I recognise that, of course. But here's the thing: it doesn't matter. I'm describing my subjective response to what I hear, and that's all I'm interested in; maximising my subjective experience. The OP asked for perspectives on why there is a vinyl renaissance, and I gave mine. I respect your subjective experience too.
 

rDin

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Nostalgia, anti-complexity and an enjoyment of mechanical engineering.
There is some truth to the first and last point; I'd disagree with anti-complexity due to the effort required to set up a turntable. Complexity is part of the experience. It's also part of the satisfaction; the effort required to set up a turntable - there is something deeply satisfying about being so involved in the process.
 

Mart68

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I hate car analogies as much as the next man but I saw one of these the other day



30 years ago they were ubiquitous and you wouldn't give it a second glance. Now it's the coolest thing on the road, even though performance is poor compared to the modern cars. I think there's something of that effect with vinyl too.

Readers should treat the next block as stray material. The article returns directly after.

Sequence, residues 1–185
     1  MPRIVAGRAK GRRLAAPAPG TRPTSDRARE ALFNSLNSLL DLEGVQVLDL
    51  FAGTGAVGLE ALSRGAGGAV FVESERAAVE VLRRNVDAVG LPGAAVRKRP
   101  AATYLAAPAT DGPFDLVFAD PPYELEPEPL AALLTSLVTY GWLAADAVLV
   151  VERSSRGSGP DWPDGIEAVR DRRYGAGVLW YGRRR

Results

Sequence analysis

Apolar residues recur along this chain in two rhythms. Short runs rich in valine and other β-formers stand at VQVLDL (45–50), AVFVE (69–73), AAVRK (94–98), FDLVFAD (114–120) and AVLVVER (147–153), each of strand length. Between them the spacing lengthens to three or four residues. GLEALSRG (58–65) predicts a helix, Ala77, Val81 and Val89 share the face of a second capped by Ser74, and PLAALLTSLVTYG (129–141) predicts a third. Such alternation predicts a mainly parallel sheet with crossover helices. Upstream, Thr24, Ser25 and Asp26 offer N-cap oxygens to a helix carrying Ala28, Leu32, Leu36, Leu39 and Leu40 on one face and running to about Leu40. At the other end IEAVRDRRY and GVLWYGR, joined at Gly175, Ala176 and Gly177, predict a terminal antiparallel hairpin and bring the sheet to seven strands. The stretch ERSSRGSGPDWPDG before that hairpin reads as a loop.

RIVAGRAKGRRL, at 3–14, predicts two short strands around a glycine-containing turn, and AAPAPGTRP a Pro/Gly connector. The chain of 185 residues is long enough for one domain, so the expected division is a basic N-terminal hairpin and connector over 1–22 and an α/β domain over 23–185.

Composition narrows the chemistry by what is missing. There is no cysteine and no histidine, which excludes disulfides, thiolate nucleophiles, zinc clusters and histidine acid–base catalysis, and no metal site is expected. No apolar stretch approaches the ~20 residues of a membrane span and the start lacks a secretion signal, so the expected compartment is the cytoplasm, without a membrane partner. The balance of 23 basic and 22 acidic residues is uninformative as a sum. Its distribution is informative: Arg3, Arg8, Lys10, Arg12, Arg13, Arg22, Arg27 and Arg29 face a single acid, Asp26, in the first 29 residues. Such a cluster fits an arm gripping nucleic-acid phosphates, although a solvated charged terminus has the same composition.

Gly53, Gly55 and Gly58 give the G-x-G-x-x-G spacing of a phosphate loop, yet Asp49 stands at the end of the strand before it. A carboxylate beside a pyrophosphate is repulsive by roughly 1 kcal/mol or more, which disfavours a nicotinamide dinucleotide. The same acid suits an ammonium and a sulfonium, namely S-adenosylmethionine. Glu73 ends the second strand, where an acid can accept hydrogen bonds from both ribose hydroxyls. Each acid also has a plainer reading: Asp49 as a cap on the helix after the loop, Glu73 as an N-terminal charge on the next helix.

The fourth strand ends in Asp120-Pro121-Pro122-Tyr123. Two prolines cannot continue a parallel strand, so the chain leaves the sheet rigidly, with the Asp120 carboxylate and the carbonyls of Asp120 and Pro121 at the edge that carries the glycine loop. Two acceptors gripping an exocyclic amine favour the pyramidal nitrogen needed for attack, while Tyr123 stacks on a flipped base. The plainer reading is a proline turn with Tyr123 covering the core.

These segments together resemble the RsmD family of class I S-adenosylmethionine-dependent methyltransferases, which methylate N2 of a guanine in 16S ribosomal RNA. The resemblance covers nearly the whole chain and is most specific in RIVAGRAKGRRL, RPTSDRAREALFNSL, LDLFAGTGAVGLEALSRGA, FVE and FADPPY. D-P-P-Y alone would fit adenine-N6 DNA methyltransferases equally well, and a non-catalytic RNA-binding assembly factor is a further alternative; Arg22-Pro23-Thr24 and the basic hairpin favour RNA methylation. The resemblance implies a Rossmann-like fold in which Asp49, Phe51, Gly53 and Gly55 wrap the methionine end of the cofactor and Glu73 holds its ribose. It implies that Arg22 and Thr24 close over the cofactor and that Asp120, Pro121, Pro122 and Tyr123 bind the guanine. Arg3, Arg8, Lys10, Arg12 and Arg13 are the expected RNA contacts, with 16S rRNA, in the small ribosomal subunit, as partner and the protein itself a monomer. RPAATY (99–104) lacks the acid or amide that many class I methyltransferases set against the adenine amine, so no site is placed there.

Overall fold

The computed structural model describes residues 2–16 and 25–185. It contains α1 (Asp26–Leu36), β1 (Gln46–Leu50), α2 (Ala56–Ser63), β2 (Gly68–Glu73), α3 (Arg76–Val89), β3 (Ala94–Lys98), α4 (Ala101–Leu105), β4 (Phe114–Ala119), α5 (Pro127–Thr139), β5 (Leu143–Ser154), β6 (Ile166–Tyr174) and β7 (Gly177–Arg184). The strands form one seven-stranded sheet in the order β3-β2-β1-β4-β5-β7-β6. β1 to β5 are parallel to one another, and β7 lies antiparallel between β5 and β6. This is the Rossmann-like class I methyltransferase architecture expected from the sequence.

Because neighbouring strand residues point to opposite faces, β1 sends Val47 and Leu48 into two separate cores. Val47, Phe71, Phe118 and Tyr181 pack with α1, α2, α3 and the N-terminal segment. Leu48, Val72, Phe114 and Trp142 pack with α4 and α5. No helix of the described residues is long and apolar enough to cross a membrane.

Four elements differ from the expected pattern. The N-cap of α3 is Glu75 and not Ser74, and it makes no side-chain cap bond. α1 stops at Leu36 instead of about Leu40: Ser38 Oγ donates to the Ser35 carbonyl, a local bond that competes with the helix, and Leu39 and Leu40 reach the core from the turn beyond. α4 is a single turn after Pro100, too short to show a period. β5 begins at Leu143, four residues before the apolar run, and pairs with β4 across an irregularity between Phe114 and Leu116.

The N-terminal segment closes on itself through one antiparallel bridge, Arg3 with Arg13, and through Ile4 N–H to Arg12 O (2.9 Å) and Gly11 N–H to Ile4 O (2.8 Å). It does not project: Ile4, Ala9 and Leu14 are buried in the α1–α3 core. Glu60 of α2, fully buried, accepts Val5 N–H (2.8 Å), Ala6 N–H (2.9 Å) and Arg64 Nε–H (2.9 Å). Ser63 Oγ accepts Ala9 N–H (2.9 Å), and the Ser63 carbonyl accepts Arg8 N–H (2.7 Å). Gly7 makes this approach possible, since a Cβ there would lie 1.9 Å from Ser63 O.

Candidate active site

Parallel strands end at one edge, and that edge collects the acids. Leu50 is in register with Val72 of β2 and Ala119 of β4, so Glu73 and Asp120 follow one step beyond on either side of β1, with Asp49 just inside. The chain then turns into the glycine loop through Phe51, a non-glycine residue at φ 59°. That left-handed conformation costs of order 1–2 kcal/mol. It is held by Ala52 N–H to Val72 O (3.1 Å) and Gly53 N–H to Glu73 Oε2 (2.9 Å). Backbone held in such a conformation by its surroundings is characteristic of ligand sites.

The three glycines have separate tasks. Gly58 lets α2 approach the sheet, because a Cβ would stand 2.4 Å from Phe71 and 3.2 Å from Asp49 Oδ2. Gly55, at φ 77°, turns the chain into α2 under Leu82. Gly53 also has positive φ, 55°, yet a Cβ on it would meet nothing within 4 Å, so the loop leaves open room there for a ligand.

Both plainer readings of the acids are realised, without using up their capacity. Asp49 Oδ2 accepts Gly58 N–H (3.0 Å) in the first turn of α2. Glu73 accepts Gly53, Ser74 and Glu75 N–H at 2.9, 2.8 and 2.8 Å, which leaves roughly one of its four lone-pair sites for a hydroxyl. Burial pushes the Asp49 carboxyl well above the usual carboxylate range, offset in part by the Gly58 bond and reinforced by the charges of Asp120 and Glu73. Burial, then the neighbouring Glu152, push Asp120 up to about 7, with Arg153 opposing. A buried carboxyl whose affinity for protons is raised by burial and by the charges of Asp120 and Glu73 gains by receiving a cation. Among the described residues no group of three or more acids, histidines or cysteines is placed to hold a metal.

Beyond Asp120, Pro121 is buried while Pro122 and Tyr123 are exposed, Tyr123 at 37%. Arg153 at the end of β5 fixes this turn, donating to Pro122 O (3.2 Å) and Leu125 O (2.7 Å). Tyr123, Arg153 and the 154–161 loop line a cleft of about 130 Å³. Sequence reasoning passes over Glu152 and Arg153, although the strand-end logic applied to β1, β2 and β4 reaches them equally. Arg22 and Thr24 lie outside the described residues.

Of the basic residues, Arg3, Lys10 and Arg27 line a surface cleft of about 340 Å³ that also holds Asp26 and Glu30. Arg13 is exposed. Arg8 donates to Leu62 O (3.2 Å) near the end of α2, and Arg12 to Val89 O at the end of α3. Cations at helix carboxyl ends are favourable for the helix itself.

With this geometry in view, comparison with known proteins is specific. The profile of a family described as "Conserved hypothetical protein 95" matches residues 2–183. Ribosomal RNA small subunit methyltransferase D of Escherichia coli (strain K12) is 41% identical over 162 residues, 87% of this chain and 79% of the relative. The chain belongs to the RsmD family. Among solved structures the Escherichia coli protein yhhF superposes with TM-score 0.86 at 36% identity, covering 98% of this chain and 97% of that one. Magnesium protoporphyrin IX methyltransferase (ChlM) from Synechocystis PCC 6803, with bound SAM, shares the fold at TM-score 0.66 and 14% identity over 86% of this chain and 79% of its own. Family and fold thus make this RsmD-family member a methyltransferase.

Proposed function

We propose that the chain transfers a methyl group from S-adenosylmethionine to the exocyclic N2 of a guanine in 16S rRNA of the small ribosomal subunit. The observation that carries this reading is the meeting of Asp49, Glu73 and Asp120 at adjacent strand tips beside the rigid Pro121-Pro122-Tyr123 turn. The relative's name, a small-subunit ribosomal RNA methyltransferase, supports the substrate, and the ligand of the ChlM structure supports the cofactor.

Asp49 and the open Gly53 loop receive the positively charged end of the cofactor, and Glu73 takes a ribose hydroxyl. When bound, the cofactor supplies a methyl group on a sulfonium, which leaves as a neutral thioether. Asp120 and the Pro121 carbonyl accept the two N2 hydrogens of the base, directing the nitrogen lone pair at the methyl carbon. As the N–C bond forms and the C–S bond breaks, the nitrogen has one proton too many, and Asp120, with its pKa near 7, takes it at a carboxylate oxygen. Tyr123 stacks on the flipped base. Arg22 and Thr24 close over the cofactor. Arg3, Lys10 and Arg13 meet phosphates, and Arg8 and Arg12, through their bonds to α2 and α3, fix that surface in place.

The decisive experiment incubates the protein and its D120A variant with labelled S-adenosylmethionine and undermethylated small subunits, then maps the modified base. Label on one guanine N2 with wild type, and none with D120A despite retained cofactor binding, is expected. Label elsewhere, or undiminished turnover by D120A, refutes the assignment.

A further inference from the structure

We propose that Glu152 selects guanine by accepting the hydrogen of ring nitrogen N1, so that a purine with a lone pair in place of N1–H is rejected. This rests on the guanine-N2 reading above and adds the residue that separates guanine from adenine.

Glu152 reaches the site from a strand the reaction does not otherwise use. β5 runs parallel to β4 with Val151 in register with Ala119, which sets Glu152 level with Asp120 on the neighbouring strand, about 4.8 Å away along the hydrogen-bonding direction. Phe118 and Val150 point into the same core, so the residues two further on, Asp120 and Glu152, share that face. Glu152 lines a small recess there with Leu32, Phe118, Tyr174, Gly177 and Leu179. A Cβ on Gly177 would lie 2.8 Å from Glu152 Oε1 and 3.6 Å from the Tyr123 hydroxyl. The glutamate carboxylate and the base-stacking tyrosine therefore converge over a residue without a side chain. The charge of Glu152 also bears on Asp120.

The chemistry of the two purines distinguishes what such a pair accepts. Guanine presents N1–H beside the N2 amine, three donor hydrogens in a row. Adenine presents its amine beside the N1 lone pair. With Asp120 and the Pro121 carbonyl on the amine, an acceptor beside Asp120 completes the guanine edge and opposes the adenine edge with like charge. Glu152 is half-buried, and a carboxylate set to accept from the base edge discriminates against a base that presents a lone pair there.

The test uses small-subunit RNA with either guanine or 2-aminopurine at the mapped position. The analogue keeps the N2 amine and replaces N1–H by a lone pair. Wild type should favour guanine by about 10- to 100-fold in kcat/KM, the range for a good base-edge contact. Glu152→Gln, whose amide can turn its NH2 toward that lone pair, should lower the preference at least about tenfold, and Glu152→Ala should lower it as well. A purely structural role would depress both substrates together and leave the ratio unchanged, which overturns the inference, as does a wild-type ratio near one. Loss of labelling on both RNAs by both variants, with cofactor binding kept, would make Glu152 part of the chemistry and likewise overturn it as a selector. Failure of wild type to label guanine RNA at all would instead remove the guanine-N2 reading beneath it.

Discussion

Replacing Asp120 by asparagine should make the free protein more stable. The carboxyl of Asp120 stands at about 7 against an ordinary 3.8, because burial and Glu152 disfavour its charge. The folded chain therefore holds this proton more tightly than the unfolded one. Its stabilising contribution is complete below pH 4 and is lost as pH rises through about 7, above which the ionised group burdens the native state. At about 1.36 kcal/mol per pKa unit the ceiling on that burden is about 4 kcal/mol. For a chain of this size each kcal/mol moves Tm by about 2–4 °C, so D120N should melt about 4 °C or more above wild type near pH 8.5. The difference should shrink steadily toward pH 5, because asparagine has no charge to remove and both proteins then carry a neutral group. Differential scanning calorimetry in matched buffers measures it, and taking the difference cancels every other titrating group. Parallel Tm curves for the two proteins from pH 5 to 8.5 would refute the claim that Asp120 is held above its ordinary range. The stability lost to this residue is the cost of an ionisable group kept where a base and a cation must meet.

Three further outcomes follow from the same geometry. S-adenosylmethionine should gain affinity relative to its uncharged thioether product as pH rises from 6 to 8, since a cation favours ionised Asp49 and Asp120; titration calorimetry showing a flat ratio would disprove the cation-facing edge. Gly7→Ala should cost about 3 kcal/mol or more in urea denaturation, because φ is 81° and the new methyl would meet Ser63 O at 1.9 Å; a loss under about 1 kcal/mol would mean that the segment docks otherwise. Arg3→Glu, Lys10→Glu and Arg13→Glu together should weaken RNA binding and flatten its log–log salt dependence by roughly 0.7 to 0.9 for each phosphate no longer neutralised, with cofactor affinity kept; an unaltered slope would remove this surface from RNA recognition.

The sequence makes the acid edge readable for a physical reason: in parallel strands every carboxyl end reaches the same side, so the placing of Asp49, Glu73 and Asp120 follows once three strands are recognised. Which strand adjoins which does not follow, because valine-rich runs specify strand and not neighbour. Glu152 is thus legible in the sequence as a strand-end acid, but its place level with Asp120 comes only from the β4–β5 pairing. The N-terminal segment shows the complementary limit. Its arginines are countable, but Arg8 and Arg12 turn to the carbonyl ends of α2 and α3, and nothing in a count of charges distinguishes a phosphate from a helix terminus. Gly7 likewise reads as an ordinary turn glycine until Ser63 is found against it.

Mart68

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You should, as in this instance it's a false analogy.
maybe for you personally. I still have 600 odd records and a turntable, never play them, bought them all again on CD. Not saying the SQ benefit of the digital playback is massive but it's certainly an improvement.
 

JeremyFife

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It's a hobby, an interest ... doesn't have to make sense :) Nostalgia and the tactile pleasure of handling a well designed record is up there too.

Digital (redbook 16/44.1 sets the standard) are objectively higher quality formats; lower noise, greater dynamic range - just better. To be clear, digital music has the *potential* to be better. Vinyl as a format is inherently limited.

Crap mastering of digital music, dumbing it down in the search for "loudness" and shiny, short term, impact wastes that potential and makes me want to weep!

Love my vinyl, love music more - and listen to much more music digitally than on vinyl, mostly with great enjoyment